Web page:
Tag Archives: Kojo Nnamdi Show

Undermining Competition is No Way to Compete

Money is tight for state and local governments, and that’s never more obvious than when lawmakers work to finalize budgets before the new fiscal year starts on July 1. A common priority for lawmakers, particularly in the revenue department, is to bring new business to the state. That’s why various state economic development websites claim to offer would-be-entrepreneurs the perfect set of enticements to start or expand one’s businesses.

Even on the national stage, President Obama frequently cites the need to compete with India and China in calling for more spending (or, to use his preferred phrase, “more investment”). Unfortunately, politicians often believe that the way to out-compete other governments is to undermine genuine competition at home by offering some firms and industries an uncompetitive edge.

This week, for example, the D.C. Council unanimously voted to give the daily deal company, LivingSocial, a $32,500,000 get-out-of-tax free card. Two years ago, the state of Illinois offered LivingSocial rival, Groupon, a similar though less-lucrative deal: $3,500,000 in state funds to hire 250 employees. In some industries, these types of special deals are business as usual. Film production companies, for example, can get special tax treatment in 40 out of 50 states. In Virginia, film production companies pay no sales tax on production-related products and are allowed refundable individual and corporate income tax credits. Needless to say, Virginia companies in other lines of work aren’t so lucky.

Interestingly, these types of deals are as likely to be opposed by progressives as they are to be opposed by market-oriented economists. In 2010, the left-leaning Center on Budget and Policy Priorities released a report that was critical of film subsidies. The author argued:

Like a Hollywood fantasy, claims that tax subsidies for film and TV productions — which nearly every state has adopted in recent years — are cost-effective tools of job and income creation are more fiction than fact. In the harsh light of reality, film subsidies offer little bang for the buck.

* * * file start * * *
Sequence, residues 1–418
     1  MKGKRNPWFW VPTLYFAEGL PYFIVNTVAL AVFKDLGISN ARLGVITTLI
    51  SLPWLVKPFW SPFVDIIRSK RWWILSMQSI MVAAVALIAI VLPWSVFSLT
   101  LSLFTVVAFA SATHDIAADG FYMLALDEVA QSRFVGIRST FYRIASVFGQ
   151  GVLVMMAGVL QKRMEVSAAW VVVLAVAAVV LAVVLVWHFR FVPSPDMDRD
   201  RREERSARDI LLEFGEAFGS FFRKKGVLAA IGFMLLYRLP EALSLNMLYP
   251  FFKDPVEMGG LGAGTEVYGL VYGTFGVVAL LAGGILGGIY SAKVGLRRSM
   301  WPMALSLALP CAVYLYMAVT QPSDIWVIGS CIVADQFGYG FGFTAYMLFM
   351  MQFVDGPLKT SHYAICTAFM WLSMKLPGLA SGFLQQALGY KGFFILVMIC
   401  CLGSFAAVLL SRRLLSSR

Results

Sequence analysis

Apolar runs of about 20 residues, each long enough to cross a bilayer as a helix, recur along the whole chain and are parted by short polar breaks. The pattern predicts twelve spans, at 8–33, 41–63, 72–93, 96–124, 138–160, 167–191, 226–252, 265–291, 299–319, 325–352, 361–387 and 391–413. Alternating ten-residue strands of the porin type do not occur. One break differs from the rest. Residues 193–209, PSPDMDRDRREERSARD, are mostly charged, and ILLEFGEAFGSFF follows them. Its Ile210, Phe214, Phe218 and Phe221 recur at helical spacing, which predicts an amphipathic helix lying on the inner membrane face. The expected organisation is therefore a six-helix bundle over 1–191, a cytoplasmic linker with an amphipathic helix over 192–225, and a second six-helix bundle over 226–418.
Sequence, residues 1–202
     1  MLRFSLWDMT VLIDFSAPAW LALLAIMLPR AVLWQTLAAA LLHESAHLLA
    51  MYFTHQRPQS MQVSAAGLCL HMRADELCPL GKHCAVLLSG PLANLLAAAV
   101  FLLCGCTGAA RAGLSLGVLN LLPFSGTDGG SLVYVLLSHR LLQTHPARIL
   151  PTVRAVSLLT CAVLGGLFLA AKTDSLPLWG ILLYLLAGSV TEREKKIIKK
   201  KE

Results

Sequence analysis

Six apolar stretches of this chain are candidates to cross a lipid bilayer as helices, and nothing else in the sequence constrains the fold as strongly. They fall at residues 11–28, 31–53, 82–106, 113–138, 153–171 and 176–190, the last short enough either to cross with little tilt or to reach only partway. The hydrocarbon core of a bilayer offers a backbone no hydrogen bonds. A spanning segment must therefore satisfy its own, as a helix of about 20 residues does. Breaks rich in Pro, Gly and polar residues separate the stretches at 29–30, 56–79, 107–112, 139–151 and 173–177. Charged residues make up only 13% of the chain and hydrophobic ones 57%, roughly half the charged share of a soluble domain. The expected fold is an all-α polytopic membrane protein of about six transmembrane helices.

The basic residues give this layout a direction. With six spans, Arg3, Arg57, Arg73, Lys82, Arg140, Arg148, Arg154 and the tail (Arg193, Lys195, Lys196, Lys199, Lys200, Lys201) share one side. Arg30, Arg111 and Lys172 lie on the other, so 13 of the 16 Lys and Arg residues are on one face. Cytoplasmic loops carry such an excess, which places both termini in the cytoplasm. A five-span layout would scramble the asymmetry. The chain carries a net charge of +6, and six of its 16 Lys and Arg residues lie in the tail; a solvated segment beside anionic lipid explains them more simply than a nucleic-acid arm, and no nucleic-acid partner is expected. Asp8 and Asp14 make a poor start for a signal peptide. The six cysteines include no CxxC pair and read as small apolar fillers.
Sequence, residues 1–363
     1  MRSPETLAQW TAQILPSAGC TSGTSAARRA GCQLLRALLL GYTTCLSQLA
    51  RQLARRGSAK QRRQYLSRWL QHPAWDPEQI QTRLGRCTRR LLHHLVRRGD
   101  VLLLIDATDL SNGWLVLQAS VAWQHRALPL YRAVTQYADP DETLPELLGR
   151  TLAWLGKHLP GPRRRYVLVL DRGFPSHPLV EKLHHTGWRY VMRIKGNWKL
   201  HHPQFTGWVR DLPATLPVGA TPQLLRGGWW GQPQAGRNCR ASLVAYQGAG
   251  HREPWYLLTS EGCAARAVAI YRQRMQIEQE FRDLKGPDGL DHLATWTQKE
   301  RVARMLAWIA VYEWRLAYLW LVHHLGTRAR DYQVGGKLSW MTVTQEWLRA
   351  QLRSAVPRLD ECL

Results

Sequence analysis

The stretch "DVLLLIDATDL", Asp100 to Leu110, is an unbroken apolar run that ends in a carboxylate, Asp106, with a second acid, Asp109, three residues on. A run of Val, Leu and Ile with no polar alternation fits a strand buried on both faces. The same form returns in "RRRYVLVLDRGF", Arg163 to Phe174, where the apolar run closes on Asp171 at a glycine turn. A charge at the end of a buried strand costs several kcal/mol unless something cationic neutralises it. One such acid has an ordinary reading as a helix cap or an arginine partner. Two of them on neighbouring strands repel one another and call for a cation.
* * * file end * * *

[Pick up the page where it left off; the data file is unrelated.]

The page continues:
I couldn’t agree more. Back in March, I also found myself largely agreeing with the left-of-center D.C. Fiscal Policy Institute’s Ed Lazere, as we both lambasted government business incentives on the Kojo Nnamdi Show.

Though special deals for particular firms or industries are often sold in the name of competition, they are exceedingly anti-competitive. When one firm or one industry obtains a privilege from government, it obtains a measure of monopoly power. While the profits of the firm go up, so do the prices that consumers pay. And while it is harder to quantify, would-be competitors who aren’t so lucky to have government’s favor also lose. But that’s not all. Privileged firms tend to offer lower-quality products and they tend to be less-attentive to cost-cutting. Then there is the social waste associated with obtaining privileges: each year, firms expend millions of dollars on lobbying and other political activity in an attempt to obtain privilege. At the societal level, privileges undermine long-run growth and may even lead to short-term macroeconomic instability. Government-granted privileges are often dispensed on the basis of personal connection rather than merit. This, in turn, can undermine the legitimacy of both the public and the private sector. In a new paper, out soon, I document these and other problems with government-granted privilege.

There is nothing wrong with a government and its leaders attempting to compete with other governments. But the best way to compete is to offer a sound, economically free, environment in which any firm that creates value for its customers is free to prosper. It is a good indication that a government has failed to create such an environment if it feels the need to suspend or otherwise alter the rules of the game for certain favored firms and industries.

Targeted Business Incentives and Transparency

If you are in the Washington, D.C. metropolitan area and are interested, I’ll be on the Kojo Nnamdi Show today starting around 12:23. I’ll be talking about targeted business incentives and transparency. Here is the show’s teaser:

States and local jurisdictions across our region use a variety of tax incentives and subsidies to attract businesses and create jobs. But information about those enticements—how much they’re worth, and whether they actually translate into increased employment and economic activity—is often unavailable to the public. We examine new initiatives to cast light on public incentives and subsidies.

The other guests include Ed Lazere of the D.C. Fiscal Policy Institute and Philip Mattera of GoodJobsFirst.

By way of my own teaser, I’ll quote Alan Peters and Peter Fischer. They recently reviewed the literature on targeted economic development incentives and concluded:

The most fundamental problem is that many public officials appear to believe that they can influence the course of their state or local economies through incentives and subsidies to a degree far beyond anything supported by even the most optimistic evidence. We need to begin by lowering their expectations about their ability to micromanage economic growth and making the case for a more sensible view of the role of government—providing the foundations for growth through sound fiscal practices, quality public infrastructure, and good education systems—and then letting the economy take care of itself.